Dr. Gretchen Stewart, a parent, teacher, researcher and the founder of an upcoming school, Smart Moves Academy, which focuses on the thinking brain and the moving body to maximize learning, shares her knowledge and experience with parents. As a parent of two children with learning differences, her understanding of providing for individual learning needs is highlighted.
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Steve: 00:00 Hello, and welcome to the parents as learning coaches edition of the Steve Barkley Ponders Out Loud podcast. Parents and caregivers play many different roles, at times, even somewhat conflicting roles as they support children’s development. The pandemic has shown a light on the importance of parents supporting learners. In this podcast, I’ll look to share my experiences as a teacher, educator, parent, grandparent, and continuous learner that can support your coaching efforts.
Steve: 00:33 The thinking brain and body movement. Joining us today is Dr. Gretchen Stewart, a parent, teacher, researcher, and the founder of an upcoming school called Smart Moves Academy, a school that will focus on the thinking brain and the moving body to maximize learning. Gretchen, thanks for joining us.
Gretchen: 00:56 Thanks for having me here today, Steve.
Steve: 00:59 Can you start us off with what led you to the focus on founding a school like Smart Moves Academy?
Gretchen: 01:06 Absolutely. I’ve thought a lot about this as I’ve gone on this journey and it kind of distills all down to just one word and that word is love. I have always had a love for children before I was a parent, probably owing to why I went into teaching elementary school as my career. I went on to become a teacher of teachers. So I have a love for educators, a love for education. I think education can do amazing things for person in their life and our society. And then as I learned to be a parent and I had a son who struggled in school, I think it’s just my love for him really caused me to just not give up on looking for ways to help him. And through that journey, I latched onto something great and decided to open this school.
Steve: 02:04 So Gretchen, I know that there’s real purpose to the word “moves” being in the name of your school. So I’m wondering if you’d share with parents some of the connections between movement and learning.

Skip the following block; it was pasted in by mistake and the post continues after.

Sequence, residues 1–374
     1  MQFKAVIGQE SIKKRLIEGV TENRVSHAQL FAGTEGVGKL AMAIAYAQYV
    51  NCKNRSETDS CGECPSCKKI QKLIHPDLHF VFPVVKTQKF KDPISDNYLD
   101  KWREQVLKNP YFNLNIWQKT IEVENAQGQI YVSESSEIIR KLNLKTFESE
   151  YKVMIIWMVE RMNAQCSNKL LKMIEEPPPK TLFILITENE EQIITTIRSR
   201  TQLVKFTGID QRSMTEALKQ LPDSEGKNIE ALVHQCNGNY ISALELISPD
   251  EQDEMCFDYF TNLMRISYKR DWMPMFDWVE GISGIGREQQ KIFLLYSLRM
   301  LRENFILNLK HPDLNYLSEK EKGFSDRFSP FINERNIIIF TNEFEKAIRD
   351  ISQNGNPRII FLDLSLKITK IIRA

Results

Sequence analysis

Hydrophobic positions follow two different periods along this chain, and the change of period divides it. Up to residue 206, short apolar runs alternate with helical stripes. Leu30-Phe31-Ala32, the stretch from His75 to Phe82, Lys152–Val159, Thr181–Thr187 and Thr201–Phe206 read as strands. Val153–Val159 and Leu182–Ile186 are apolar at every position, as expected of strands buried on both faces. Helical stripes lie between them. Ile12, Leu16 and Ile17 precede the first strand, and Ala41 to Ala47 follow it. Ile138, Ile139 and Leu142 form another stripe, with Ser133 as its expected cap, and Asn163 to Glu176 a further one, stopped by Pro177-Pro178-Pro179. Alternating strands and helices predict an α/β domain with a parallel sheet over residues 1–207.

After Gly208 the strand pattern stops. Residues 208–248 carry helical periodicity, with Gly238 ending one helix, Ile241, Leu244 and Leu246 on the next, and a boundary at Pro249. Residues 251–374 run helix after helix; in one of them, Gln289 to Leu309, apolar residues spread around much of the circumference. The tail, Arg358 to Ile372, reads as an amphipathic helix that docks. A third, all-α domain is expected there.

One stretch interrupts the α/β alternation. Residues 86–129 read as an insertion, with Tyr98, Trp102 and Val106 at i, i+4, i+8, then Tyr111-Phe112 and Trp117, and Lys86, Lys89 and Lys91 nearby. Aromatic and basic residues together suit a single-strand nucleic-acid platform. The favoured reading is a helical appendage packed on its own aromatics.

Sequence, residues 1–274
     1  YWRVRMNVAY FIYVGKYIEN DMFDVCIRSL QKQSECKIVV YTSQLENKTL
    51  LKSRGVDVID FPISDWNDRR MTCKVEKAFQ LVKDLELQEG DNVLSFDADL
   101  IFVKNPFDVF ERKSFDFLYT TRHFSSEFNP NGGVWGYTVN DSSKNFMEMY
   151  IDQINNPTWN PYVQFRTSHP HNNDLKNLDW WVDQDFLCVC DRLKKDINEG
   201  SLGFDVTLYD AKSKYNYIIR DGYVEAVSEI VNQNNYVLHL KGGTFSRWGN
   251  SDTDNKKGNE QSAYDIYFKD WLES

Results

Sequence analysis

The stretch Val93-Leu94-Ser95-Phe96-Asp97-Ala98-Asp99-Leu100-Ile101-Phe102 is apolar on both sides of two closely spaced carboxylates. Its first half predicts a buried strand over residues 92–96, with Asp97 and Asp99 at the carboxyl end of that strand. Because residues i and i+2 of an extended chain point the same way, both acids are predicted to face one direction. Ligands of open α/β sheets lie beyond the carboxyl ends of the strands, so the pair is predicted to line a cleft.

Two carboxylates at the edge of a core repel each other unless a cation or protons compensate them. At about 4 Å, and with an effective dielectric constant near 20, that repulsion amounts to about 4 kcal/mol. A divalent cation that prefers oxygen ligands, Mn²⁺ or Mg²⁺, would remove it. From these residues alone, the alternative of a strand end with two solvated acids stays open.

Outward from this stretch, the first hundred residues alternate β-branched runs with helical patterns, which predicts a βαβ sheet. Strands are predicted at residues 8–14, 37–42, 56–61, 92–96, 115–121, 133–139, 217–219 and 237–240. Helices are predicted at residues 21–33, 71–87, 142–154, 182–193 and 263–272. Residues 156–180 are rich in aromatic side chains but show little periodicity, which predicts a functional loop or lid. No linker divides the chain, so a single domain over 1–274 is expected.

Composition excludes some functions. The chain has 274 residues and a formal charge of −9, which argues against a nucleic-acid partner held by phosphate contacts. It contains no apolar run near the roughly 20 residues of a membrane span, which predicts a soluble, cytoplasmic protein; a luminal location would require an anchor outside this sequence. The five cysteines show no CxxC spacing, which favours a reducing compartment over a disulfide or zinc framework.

Gretchen: 02:19 Yeah, absolutely. When my son was little about four, I would teach all day and I would come home and I would be like, why is he struggling to do things that come easily to other people? And I was talking about this with friends and someone said to me, hey, you should look into brain research. And I was like what? And I started looking into a program called Brain Highways actually, which is for parents. And I started learning about the brain and I was just amazed at how movement, which is our first language, Steve is movement. Before we can talk, we can move and we see that in infants, newborn babies. And so I started to learn and put pieces together and I started to kind of experiment with my son at home with these different approaches to movement. And I started understanding that our central nervous system, which is our brain and our spine together, that those things work together and that when we move, we are creating pathways and responses in our brain. And then I learned that all of that is related to academic achievement and good mental health and by the way, great physical health. So that’s kind of been my journey in learning about how movement is connected to the brain.
Steve: 03:51 And fair to say that some of us need more movement than others?
Gretchen: 03:55 Yeah, absolutely. I say we all need more than we probably do. Yeah. But yes, absolutely.
Steve: 04:02 I’ve always found in my work with parents, a struggle in that I know how I learn best and a tendency to try and assist my youngster
by creating the environment for how I would learn best. So, if I’m that seated at the at the desk kind of learner, and I have a child who’s a lay on the floor kind of learner, it’s difficult to make that make that connection.
Gretchen: 04:38 Absolutely, Steve. The great thing about that example is that there are things in life, I think as parents, we all have this vision of our children when they’re adults and they’re successful in life. And we think about that and yeah, you do have to be able to focus on something for a long time no matter what you’re doing, you do have to be able to be seated and quiet and there are times when we need to be able to do those things, but the awesome thing about being a parent and having a child who’s not there yet, is that by kind of leaning in to that movement or that different style that we’re not used to, we can actually do things that make those things that we use in adult life in this society more possible and easier and more natural for maybe a student or a child who’s not showing us that right now.